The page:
That's in the Record Book?
Read: Joshua 2; James 2:25; Hebrews 11:31
These last several months, as we are all aware, have been different than we could have imagined due to the virus. Many special occasions have had to be modified or even canceled. Sports which had heretofore changed with the seasons have only recently begun again, and they are being played with very different parameters. Who would have thought that basketball would be played in a bubble or that baseball would be played with piped in crowd noise and cardboard cut-out fans as spectators?
Even so, this week, Lucas Giolito, pitcher for the Chicago White Sox pitched a no-hitter. No fans were in attendance. Only grounds crew who made an appearance and team members watched the noteworthy feat. I thought I might find an interesting quote concerning this once in a lifetime occurrence. After all, it is unlikely that another no-hitter will ever be thrown in an empty stadium. I didn't find any great quips; however, this incident is now a part of baseball's record books.
While I was searching on the Internet, I did come across another odd occurrence in baseball. It happened on April 23, 1964. On that date, Ken Johnson, pitcher for the Houston Colt. 45s pitched a stellar no-hitter, only to lose the game to the Cincinnati Reds. Can you imagine pitching with such precision, only to sustain a loss in spite of your effort? Johnson was gracious, saying that he felt worse for his teammates than he did for himself. This is yet another very unusual incident that is a part of baseball's record books.
God has given us His own record book, the Bible. Here we find true and amazing stories concerning how the Creator/Redeemer has worked in the lives of men and women. Some are named, and many are not. How wondrous it is to watch as God not only seeks people, but often uses those the world would disregard so that the glory for what was accomplished would belong to Him alone, 1 Corinthians 1:26-31.
One of those is surely Rahab who is mentioned in the books of Joshua, Matthew, James and Hebrews. Talk about making the record book. Yet, there is something unusual about most of the references to this woman. In all but one of the places where the scriptures speak of her, she is referred to as Rahab the harlot. When we meet her in Joshua 2, we learn that Rahab has made her living as a prostitute. We have no other details concerning why she lived as she did. However, very early in Joshua 2, we learn something much more amazing about Rahab. She, like all the people in Jericho, knew how powerful Joshua's God was, but the beautiful thing is that she didn't stop there. She took what she knew about this wondrous and powerful God and applied it to her own life. She reasoned that since Joshua's God had divided the Red Sea and given His people the ability to defeat strong enemies, He should be her God too. Those all around her were afraid of God but they never came under the protection of His wings, Ruth 2:12. Rahab feared God as is spoken of in Proverbs 1:7, and because of that, she sought refuge with His people.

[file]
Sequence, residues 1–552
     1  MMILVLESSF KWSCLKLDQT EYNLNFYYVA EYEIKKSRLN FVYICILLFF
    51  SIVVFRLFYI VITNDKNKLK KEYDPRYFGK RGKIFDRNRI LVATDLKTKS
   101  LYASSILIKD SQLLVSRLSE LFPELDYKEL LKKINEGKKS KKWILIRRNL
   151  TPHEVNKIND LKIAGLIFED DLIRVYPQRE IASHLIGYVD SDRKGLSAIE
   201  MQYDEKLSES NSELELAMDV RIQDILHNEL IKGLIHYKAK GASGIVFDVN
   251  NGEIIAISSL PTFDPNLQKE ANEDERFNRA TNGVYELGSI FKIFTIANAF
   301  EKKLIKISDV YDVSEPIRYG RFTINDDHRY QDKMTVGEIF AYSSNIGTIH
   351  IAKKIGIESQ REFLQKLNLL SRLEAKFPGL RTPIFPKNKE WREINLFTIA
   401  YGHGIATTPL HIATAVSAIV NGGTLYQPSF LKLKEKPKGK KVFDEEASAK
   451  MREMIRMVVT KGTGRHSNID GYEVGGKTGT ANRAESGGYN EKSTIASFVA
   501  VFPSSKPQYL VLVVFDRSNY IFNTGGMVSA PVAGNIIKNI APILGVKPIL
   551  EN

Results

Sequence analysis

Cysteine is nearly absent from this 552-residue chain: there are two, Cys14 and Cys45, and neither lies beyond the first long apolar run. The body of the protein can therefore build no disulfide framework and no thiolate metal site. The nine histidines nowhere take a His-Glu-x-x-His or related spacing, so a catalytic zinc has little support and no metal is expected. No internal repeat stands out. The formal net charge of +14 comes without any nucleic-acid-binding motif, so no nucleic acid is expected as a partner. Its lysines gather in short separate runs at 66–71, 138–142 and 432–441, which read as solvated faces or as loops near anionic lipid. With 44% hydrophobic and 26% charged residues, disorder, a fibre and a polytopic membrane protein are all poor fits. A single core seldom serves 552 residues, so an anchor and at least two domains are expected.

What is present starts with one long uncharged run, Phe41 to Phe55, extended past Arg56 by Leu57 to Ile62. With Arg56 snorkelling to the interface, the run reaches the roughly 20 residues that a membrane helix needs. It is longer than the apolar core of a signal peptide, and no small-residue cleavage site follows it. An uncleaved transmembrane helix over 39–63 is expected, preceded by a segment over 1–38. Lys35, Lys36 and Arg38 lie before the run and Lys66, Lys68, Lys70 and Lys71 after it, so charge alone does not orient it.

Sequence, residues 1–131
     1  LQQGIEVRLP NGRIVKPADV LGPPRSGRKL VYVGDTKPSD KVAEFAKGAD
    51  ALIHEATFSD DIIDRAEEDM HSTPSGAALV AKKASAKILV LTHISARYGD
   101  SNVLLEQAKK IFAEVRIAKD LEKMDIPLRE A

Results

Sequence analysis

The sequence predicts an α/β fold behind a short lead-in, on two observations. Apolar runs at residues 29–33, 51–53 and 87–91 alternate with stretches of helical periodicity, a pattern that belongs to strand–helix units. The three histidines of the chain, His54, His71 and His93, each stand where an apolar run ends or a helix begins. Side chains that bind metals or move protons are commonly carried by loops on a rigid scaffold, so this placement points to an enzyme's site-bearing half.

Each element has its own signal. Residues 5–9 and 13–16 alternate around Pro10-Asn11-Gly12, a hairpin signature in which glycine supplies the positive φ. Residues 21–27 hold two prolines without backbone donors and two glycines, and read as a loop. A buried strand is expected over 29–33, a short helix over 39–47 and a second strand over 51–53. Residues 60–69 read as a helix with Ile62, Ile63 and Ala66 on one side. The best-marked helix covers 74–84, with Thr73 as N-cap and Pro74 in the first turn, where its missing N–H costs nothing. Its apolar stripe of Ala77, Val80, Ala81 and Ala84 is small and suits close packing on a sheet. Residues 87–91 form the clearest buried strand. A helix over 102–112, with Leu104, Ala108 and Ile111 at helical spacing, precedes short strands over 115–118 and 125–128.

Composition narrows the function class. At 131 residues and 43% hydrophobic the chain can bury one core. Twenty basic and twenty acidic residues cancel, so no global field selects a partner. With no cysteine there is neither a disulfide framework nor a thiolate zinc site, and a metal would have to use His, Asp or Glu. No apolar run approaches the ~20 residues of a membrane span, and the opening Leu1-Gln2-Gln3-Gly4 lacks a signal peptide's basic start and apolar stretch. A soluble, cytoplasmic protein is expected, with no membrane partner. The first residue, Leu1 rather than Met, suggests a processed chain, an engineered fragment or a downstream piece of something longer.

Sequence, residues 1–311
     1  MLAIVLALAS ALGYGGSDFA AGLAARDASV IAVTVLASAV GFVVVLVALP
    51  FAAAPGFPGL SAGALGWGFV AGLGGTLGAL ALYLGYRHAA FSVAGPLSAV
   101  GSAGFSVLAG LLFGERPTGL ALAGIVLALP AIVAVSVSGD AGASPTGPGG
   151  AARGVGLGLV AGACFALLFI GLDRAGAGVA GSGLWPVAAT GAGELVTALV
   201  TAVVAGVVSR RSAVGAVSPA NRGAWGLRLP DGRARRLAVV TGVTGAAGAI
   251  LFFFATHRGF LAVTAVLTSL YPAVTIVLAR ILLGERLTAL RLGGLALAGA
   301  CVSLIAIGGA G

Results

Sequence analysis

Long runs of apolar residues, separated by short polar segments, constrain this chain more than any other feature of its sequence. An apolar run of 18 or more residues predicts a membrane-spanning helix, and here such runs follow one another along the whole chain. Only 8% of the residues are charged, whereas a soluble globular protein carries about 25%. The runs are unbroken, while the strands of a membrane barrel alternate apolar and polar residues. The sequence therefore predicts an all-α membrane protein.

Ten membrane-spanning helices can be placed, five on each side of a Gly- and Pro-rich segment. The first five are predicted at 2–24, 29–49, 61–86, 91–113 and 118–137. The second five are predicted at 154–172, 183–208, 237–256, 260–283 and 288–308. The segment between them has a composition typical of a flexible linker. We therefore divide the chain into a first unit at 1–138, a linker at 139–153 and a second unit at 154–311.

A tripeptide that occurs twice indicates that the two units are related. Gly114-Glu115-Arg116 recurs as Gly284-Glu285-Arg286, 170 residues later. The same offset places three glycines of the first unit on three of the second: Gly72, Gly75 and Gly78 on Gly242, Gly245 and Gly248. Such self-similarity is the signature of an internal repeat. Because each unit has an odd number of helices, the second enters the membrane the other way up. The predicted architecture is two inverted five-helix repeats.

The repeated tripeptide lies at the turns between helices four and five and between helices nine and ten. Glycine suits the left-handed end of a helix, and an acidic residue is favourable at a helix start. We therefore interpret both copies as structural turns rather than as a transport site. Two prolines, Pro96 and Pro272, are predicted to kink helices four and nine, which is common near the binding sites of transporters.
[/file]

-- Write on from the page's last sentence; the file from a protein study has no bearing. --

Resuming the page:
In James 2:25, Rahab the prostitute is Lauded for her faith, right after Abraham's faith is praised. Both were held up as having faith that could be seen because their actions bore it out. It is interesting that Abraham who is called God's friend, Isaiah 41:8, and Rahab who is referred to as a prostitute stand together as having faith real faith that showed up by its action. Again, when the biblical record refers to Rahab in Hebrews 11:31, God did not shy away from speaking of her prostitution. Doesn't the fact that we know about Rahab's past and how God saved and used her give each of us hope? No, most of us probably have not made our livings in the same way Rahab did, but we all have failings, flaws and sins. Satan lies when he whispers in our ears that God can't use us because of what we have done; however, God's record concerning Rahab--and yes, each flawed human He has graced with His love-reminds us of the truth that God is in the business of redeeming fallen men and women. When we read about their flaws in His record book, it is a reminder of how great and lavish God's grace truly is.
When Rahab's past was once again highlighted, God's grace shone even brighter. God was not saying that Rahab wasn't forgiven. Rather, we can see that her life was like a beacon, pointing to the God Who delights to save those the world calls unlikely candidates for His love. This is similar to what Paul said in 1 Timothy 1:12-17. In those verses, the apostle didn't shy away from the sins of his past; instead, they were a platform from which he proclaimed God's immeasurable grace. Everyone in God's record book, the known and unknown, is a reminder that He brings beauty from ashes. Those ashes look different in each of our lives, but they are nonetheless ashes out of which God brings beauty.
Lord, Thank You for loving and saving Rahab, and thank You for loving and saving me.